The military is now well placed to end the protracted war against Boko Haram
The April 22 ultimatum to Nigeria by Chad, a member of the Multinational Joint Task Force (MNJTF) fighting Boko Haram and the Islamic State West Africa Province (ISWAP) is yet another indication that all is not well with the war against insurgency. “Our troops have died for Lake Chad and the Sahel. From today, no Chadian soldiers will take part in a military mission outside Chad,” said Chadian President Idris Deby who led his troops in a counter-attack that led to the death of many of the insurgents. After the episode, he granted several self-promoting interviews where he tried to put down Nigeria and the efforts of our military.
It is therefore no surprise that Chad is being hailed internationally while Nigeria is being ridiculed in the social media. Meanwhile, with many of the insurgents said to have melted into some Nigerian communities in the North-east, the job of our military troops is now well cut out for them. It would be most tragic to allow the Boko Haram insurgents that had been flushed out by the Chadian soldiers to regain foothold on Nigerian territory. That is the challenge of the moment.
The relocation of the Chief of Army Staff, Lt General Tukur Buratai to the main theatre of the war, though desirable, is not enough as modern warfare is not fought with bare chests and hands. This is the time to boost the morale of the soldiers and their officers by providing for them the needed arms and logistics in the onslaught against the insurgents. The recent deployment of the commanding officer, Major General Olusegun Adeniyi, for bringing to the public the frustrations of his fighting troops is a pointer to some lingering operational issues. He merely reaffirmed what most Nigerians have been saying that our soldiers are squared against well-armed insurgents. The issues he raised should be addressed.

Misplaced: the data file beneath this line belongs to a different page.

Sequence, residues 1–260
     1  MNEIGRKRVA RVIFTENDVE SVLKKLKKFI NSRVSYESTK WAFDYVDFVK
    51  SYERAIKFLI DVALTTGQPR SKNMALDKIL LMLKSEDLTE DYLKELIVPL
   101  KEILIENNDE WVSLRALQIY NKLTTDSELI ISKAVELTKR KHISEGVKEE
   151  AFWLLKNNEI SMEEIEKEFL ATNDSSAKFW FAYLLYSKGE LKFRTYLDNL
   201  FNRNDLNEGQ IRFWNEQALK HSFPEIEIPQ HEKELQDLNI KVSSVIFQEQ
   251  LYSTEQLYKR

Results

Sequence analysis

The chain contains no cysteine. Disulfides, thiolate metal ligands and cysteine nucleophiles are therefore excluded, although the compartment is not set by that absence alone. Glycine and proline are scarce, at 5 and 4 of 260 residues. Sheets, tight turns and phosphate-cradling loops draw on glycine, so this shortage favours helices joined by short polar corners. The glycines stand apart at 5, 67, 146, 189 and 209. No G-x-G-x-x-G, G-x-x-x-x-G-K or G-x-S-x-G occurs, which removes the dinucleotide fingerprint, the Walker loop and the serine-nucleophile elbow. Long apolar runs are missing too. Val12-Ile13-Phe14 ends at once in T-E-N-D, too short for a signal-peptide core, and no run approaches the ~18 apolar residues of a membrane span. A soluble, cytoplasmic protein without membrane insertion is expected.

What is particularly worrying is that the same military which ended the Nigerian civil war within 30 months, and later led ECOMOG to end civil wars in Liberia and Sierra Leone, etc., has been stranded by a rag-tag collective of untrained sectarian zealots for more than a decade. Quite clearly, something is wrong in terms of doctrine, training, morale, strategic orientation and more crucially, leadership. Yet, despite strong indications that senior military officers and the fighting troops have lost trust in the current service chiefs, President Muhammadu Buhari has refused to make changes.
We have stated on this page on several occasions that the policy put in place to defeat the insurgency has become ineffective and it is draining the army of the goodwill of most Nigerians. For the past one year, Boko Haram terrorists and their ISWAP counterparts have, through daring raids, attacks and seizures, put a lie to the much-touted view that the war against insurgency is ‘technically over’. In fact, the insurgents have exacerbated their asymmetrical warfare and executed successful attacks, and in the process killed hundreds of civilians and military personnel.
We have consistently commended the men and officers of the armed forces for their gallantry and sense of duty. Many of them have paid the ultimate sacrifice. But the Chad offensive that has put the insurgents on the run indicates very clearly that this does not have to be an endless war. With greater motivation and a new commitment, our military can defeat the insurgents. We hope Buratai who has talked down Boko Haram on several occasions will now walk his talk from Maiduguri. Nigeria will not take any excuse from him this time.